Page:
Why are Medicine and Religion Separate? Part 1: The Evolution of the Hospital
Tuesday February 27th 2018, 8:45 pm
Filed under: history of medicine and religion,hospitals,palliative care

By Michael Balboni

This is the first in a four-part series examining the social and historical forces that have led to the current divide between religion and medicine. Drawing on Peter Berger’s theory of plausibility structures (particular social processes that legitimize social beliefs and practices, giving them a matter-of-fact quality), this series will examine the driving factors behind the current state of spirituality in medicine. This post centers on the evolution of the hospital from the medieval period to the modern day, and how religion came to be of lessened importance in this setting.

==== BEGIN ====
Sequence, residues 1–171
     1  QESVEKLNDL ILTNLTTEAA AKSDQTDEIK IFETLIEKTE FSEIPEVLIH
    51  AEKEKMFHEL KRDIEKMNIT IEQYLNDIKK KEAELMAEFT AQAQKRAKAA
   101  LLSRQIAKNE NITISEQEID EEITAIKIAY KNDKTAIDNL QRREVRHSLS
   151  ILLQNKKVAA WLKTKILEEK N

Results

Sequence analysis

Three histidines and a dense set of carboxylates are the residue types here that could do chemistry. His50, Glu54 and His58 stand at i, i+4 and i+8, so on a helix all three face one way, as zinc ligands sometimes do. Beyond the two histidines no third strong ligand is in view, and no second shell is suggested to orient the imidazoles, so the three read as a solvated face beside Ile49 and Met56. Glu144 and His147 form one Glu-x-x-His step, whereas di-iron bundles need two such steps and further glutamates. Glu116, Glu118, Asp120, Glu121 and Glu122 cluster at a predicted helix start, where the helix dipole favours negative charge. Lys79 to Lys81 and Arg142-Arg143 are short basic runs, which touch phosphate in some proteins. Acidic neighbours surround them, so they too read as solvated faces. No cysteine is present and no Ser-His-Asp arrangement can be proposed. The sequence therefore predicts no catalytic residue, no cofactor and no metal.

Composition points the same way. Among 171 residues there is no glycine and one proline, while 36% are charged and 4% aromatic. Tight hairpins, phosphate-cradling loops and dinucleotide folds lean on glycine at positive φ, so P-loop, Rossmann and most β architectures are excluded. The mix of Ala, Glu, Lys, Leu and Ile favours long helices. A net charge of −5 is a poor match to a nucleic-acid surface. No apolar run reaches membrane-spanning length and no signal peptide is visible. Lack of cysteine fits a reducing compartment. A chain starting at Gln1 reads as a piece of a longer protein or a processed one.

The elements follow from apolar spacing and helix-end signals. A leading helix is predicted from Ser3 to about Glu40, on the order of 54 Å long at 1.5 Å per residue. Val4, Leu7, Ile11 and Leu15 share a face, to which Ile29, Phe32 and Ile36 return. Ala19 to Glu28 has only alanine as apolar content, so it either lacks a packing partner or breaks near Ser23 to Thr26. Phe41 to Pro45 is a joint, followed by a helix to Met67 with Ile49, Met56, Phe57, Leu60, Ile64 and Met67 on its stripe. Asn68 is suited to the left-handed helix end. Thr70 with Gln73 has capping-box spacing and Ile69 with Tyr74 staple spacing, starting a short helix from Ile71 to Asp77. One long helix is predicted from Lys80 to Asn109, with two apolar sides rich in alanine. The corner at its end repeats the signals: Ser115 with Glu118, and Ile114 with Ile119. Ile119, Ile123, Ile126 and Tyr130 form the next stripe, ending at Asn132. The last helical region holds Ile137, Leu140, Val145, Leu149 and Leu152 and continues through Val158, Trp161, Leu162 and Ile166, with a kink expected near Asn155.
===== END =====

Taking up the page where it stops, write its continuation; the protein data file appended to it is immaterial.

Many modern American hospitals (especially in wealthy areas) are palatial and imposing, home to a wide variety of medical specialists and technologies. It can be intimidating to step into the imposing marble entryway of Dana-Farber’s Yawkey building or the labyrinth of Brigham and Women’s Hospital, the hospitals where I work, especially when one is facing a potentially devastating diagnosis. Patients of faith may also notice that for all their technological marvels, modern hospitals offer little by way of spiritual support to help them navigate their experience of illness.

This wasn’t always the case. During the medieval period, hospitals were primarily affiliated with religious organizations, who sought to ensure the comfort of patients and support them as they entered into right relationship with God in their last days of life.